Even though I felt confident, however, I still took a few extra precautions for good luck. I wore the same purple tie that I’d worn the day of the Windsor oral arguments, and I put whole milk rather than skim in my coffee. That was a nod to the line Ruth Bader Ginsburg had used two years ago, when she said that marriages without federal recognition were “skim milk marriages.”
As I walked along the streets of Capitol Hill toward the Supreme Court that sunny morning, the Jewish prayer “Oseh Shalom” (Make Peace) came to mind. After years of fighting for our dignity and equality, I felt like our movement had brought the country to where it needed to be. Now was the time.
I walked around the front of the Supreme Court building, looking at the signs that thousands upon thousands of our advocates were holding, and greeting people I’d come to know over the past decade of this fight. One woman held a dog on a leash and a sign that read, “Tax-Paying Lesbian With Supportive Black Pug.” She told me that she’d officiated at 700 weddings of same-sex couples in Northampton, Massachusetts. We reminisced about the early days in that state, when we went to constitutional conventions and fought back against anti-gay constitutional amendments. We snapped a couple of pictures and I gave her a hug.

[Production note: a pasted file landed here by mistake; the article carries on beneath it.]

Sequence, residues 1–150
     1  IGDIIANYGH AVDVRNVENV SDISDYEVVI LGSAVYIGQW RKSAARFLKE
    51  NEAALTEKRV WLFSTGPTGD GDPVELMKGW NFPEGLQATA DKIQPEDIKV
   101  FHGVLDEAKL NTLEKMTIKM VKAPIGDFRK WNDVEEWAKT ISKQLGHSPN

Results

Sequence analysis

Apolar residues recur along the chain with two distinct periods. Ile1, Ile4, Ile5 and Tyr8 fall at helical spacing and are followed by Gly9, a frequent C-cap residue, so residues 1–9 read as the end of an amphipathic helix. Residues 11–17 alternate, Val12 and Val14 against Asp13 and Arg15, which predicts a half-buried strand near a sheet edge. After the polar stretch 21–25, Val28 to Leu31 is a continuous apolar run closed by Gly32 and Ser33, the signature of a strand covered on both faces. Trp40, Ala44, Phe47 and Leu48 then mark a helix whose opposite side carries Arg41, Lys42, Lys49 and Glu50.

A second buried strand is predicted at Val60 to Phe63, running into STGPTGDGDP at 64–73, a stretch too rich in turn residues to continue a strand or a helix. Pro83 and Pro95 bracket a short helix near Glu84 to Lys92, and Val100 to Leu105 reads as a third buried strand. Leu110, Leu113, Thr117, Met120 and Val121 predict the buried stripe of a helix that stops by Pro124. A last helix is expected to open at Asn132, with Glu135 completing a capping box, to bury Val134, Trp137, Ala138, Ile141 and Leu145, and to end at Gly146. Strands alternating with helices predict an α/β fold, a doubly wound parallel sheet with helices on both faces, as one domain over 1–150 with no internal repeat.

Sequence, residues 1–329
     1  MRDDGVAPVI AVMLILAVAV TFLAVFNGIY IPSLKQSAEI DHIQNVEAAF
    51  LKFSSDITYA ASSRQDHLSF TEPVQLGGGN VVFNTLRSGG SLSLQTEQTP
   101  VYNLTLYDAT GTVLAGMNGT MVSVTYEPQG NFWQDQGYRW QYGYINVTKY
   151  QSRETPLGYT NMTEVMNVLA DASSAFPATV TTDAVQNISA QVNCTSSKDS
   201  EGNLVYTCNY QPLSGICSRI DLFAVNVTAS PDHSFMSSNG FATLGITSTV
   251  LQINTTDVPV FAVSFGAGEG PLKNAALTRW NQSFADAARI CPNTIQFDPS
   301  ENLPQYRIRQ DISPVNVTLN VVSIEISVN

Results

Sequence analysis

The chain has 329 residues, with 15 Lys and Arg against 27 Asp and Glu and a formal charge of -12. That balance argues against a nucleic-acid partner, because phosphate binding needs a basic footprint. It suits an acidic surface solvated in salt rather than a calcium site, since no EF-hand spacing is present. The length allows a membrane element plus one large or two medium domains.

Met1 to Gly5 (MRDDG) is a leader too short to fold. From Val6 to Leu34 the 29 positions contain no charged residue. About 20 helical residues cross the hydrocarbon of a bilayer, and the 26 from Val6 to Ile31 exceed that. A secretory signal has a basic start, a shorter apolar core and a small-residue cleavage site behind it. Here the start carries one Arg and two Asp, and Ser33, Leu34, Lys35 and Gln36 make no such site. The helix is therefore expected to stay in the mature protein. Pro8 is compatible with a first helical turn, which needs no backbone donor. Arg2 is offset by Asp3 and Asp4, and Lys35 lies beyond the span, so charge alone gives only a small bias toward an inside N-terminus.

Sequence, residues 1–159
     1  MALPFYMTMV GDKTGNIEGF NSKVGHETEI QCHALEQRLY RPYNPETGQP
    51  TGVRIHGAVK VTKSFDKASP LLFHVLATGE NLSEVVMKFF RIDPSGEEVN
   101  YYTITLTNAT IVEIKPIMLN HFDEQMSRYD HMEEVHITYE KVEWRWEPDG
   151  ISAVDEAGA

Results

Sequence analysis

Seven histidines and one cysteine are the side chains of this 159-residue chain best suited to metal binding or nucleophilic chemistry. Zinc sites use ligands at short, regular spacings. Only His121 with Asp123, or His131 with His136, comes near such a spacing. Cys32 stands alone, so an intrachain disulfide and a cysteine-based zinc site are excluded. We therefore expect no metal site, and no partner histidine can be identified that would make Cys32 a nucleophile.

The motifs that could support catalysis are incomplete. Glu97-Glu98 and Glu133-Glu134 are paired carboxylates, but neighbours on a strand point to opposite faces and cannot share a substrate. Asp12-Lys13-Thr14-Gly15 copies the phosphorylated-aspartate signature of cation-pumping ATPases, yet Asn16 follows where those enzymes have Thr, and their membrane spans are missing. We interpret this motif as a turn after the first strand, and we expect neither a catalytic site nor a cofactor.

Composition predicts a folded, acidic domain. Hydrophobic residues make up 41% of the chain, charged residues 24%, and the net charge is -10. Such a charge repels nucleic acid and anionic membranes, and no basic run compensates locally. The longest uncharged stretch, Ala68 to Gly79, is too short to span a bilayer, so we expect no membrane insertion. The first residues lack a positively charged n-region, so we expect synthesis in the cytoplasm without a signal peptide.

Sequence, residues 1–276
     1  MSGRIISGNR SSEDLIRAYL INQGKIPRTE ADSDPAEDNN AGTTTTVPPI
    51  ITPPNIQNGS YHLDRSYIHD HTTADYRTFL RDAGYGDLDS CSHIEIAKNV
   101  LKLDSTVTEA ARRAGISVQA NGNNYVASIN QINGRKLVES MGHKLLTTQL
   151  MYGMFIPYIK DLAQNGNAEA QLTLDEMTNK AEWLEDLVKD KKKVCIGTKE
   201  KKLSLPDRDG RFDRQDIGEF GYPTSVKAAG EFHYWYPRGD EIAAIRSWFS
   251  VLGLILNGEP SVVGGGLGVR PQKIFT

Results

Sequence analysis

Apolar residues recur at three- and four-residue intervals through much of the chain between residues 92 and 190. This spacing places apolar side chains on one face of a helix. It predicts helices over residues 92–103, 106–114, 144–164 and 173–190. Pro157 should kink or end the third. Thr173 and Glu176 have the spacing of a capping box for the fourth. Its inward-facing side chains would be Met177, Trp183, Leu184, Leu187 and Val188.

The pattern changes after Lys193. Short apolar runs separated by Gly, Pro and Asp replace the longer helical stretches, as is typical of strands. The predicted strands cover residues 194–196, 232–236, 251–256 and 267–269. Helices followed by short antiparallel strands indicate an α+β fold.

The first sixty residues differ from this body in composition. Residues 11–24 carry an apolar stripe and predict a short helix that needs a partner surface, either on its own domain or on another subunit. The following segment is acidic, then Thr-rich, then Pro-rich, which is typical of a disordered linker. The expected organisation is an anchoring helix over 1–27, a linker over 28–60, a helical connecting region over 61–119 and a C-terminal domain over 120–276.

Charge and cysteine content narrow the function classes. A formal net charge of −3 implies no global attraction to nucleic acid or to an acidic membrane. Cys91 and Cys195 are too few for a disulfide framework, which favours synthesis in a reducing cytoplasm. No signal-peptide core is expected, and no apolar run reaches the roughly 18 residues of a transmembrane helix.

I met up with Evan Wolfson, Freedom to Marry’s president, at 8:30, between the Russell and Dirksen Senate Office Buildings, a block north of the court. As we walked along First Street, past all those who were rallying on our side, people kept coming up to both of us, especially Evan, with heartfelt thanks. It felt amazing to be walking into the Supreme Court for these arguments with the guy who was responsible—more than anyone else—for driving the movement to this point over the past three decades.
We went up the steps of the court, where I told the guards that we had reserved seats inside the courtroom. I’d secured two of these highly sought-after seats through old Republican connections, and couldn’t help but smile at the irony of my own political journey over the years. Evan and I were the special guests of Justice Clarence Thomas. We went through multiple security checks, locked our cellphones in special lockers, then took our places in the ornate courtroom, which was packed for this historic argument.